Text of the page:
Don´t ignore wound infection red flags

It is not common that your wound gets infected after any type of surgery but sometimes it happens. So, it’s important to be aware of the different signs that your wound is getting infected. For that reason, in this article, I mention some of the most common signs that tell you that your wound might have an infection.  

If you are in the hospital or you were already discharged, but notice one or more of these signs please inform your doctor immediately.  Let’s check what you need to look for when you have a wound that is not healing properly!

  What is post-surgical wound infection?

Post-surgical infection or surgical site infection (SSI) is harm produced by microorganisms  (virus, fungi or bacteria)  after a surgical procedure. These microorganisms can enter the wound during or after the procedure.

Infections can affect the incision site or the surrounding tissues. They can also involve the skin, muscles, or deeper structures. 

What are the effects of having wound infection after aesthetic surgery?

Sequelae of infection after cosmetic surgery are:

  • wound takes longer to heal
  • dissatisfactory esthetic outcome
  • impair psychosocial well-being
  • delay hospital discharge if you still in hospital 
  • overproduction of scar tissue
  • lead to readmission and further surgery to fix the damage 

What causes post-surgical infection? 

Several factors can contribute to the development of post-surgical wound infections, including:

  1. Contamination during surgery: Despite sterile conditions in the operating theater, there is always a risk of bacteria entering the surgical site.
  2. Poor preoperative skin preparation or inadequate post-op after care: Inadequate cleaning or disinfection of the skin before or after surgery can increase the risk of infection.
  3. Compromised immune system: Patients with weakened immune systems, due to conditions such as diabetes, chronic conditions or immunosuppressive medications, are more susceptible to infections.
  4. Prolonged surgical time: Longer surgical procedures may increase the risk of infection as it exposes the patient to the operating theater environment for a more extended period.
  5. Poor wound care: inadequate postoperative wound care, such us improper dressing changes or not keeping the wound dry and clean, can cause infections. 
  6. Poor wound healing.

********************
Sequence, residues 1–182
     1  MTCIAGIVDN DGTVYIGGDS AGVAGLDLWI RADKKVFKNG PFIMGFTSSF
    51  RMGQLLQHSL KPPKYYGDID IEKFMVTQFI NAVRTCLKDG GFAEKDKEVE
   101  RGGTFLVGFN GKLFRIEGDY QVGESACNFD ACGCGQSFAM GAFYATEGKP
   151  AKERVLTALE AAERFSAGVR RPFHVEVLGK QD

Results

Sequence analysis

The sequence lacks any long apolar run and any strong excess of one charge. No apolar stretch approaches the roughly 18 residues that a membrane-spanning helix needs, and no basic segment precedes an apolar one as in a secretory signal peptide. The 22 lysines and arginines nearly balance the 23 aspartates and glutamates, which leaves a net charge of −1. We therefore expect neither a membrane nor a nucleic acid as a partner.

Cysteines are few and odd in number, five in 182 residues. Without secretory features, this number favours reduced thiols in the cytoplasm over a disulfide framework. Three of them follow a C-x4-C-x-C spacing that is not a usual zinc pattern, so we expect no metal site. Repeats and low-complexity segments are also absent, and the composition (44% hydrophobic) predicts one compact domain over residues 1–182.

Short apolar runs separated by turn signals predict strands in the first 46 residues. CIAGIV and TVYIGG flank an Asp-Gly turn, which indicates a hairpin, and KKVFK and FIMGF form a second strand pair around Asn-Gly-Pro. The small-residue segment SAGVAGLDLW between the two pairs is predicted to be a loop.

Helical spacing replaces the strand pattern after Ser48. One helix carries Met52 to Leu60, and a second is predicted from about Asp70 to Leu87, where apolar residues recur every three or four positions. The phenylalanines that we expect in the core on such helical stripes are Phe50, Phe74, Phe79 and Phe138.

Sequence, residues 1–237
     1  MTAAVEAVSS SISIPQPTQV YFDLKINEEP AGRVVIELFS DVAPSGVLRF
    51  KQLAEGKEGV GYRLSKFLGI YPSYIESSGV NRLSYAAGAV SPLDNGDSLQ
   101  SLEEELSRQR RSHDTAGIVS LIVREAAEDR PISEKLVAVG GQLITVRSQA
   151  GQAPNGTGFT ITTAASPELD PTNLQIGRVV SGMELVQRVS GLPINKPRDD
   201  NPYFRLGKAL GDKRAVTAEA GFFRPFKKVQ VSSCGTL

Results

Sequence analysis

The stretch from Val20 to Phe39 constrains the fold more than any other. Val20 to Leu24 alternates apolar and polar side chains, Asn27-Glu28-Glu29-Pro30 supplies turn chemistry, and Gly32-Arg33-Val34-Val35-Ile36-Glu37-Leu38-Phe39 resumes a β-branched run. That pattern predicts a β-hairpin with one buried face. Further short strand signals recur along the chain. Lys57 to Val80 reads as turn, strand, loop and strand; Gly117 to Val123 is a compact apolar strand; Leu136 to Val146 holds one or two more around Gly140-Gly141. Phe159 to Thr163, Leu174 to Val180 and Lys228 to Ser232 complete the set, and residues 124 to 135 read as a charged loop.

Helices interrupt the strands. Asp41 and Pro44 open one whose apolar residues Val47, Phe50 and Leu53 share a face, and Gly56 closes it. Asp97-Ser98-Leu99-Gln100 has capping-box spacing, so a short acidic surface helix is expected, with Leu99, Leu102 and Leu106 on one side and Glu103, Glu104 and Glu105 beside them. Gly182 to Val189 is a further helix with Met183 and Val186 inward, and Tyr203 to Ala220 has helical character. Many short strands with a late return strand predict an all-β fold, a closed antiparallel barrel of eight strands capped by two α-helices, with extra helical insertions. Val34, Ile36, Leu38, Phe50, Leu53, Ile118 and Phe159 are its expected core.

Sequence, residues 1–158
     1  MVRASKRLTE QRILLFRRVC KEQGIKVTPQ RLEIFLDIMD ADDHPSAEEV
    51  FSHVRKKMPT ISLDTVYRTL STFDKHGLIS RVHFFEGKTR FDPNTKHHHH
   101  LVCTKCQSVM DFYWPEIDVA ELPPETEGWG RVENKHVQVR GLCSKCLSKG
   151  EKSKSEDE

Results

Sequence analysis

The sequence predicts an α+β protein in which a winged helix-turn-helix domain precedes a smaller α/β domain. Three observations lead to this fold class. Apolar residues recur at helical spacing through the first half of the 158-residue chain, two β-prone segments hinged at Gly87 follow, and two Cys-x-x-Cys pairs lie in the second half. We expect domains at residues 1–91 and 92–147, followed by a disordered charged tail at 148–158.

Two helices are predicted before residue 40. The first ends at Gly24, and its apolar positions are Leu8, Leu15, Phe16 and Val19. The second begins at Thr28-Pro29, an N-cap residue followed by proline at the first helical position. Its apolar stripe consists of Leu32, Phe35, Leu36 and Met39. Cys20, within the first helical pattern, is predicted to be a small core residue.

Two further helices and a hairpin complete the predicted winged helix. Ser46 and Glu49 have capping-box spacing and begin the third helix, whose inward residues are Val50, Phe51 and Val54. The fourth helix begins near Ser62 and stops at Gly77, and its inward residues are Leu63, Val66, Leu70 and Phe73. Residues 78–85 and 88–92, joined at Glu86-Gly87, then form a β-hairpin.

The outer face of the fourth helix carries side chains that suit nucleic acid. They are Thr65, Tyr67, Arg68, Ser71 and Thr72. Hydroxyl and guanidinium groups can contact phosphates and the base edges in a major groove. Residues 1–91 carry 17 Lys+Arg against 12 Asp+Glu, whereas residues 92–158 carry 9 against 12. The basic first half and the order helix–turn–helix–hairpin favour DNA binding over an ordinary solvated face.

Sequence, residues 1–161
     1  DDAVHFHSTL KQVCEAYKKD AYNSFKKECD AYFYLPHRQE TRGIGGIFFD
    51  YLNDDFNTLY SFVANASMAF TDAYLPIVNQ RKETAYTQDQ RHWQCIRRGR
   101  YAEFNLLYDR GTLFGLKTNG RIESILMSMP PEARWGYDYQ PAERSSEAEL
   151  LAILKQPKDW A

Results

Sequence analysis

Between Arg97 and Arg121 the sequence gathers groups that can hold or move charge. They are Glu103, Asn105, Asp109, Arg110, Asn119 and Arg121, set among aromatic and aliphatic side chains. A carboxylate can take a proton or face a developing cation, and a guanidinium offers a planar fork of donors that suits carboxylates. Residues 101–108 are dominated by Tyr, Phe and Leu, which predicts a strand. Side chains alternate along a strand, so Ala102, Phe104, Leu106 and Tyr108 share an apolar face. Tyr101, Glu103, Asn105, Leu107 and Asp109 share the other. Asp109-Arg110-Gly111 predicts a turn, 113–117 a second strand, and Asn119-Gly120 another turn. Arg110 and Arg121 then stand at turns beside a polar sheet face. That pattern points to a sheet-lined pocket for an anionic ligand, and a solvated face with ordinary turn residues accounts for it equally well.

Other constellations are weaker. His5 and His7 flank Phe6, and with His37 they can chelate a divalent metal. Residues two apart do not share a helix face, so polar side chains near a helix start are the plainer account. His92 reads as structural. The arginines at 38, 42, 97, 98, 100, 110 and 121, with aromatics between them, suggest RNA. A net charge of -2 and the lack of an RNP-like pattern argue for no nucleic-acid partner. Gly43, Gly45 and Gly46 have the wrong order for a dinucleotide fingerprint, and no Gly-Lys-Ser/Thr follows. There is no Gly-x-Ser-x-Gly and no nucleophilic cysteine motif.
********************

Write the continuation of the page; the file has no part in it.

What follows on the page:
7. Foreign materials used during the surgery can introduce bacteria into the body and increase the risk of wound  infection. 
  8. Pre-existing infections: if you have an infection elsewhere in the body, there is a risk that could spread to the surgical site. 
  9. Contaminated environment: Operation theaters that aren’t properly sterilized can harbor bacteria that may cause wound infection.
  10. Inadequate Antibiotic Prophylaxis: Sometimes, antibiotics given before surgery to prevent infections may be inappropriate or not administered according to guidelines, which can lead to ineffective protection against infection.
  11. Poor Health Practices: Factors such as smoking, poor nutrition, or obesity can compromise your  ability to fight off infections post-surgery.

What are the red flags of  wound infection?

If you have an infected wound, you may notice one or some of the following symptoms:

  1. Red or sore skin around the wound
  2. Burning sensation and hot feeling when you touch the skin
  3. Swelling
  4. Redness 
  5. Warmth
  6. Increased pain or tenderness around the wound. 
  7. Pus: liquid build-up that comes out of the wound. It might be yellow or green. 
  8. Wound bad smell
  9. Fever or chills
  10. Unwell feeling
  11. increased heart rate 
  12. Increased swelling or tenderness in nearby lymph nodes.
  13. Delayed healing: If the wound does not show signs of improvement or healing within the expected timeframe, infection could be a contributing factor.
  14. Change in wound appearance: Any significant change in the appearance of the wound, such as opening up, deepening, or becoming more necrotic, might indicate infection.
  15. Systemic symptoms: General symptoms like fatigue, malaise, or loss of appetite can sometimes accompany wound infections, particularly if they are severe or spreading.

How can I prevent surgical site infection (SSI)? 

Some of the tasks given by your surgeon to do before attending the hospital for surgery are:

  1. Shower with water and soap the area.
  2. Use antibacterial solution on the area.
  3. check if you have any antibiotic resistant bacteria (performed in a blood test).
  4. stop smoking 4 weeks prior surgery. 

How can I avoid post-op infection?

  • keep your hands clean and avoid touching the area if it is not necessary.
  • keep your clothes clean.
  • Wash your wound as your surgeon recommended (e.g. use antibacterial soap or solution on the area).
  • follow all your surgeon´s instructions.
  • Keep the wound dry and clean
  • Take antibiotics as prescribed
  • Maintain a healthy lifestyle
  • Monitor for signs of infection
  • Attend follow-up appointments

A final word…

It’s key to work as a team with your surgeon and your post-op therapist in order to minimize the risk of post-surgical infections; also to monitor for signs and symptoms to avoid infection or ensure  early detection and appropriate management, if it does occur. Taking care of your wound is in your hands!

I hope this information is useful. If you need advice or have any questions about my treatments, please contact me. You can find me in Mill Hill Broadway and Islington. I´m always happy to help!


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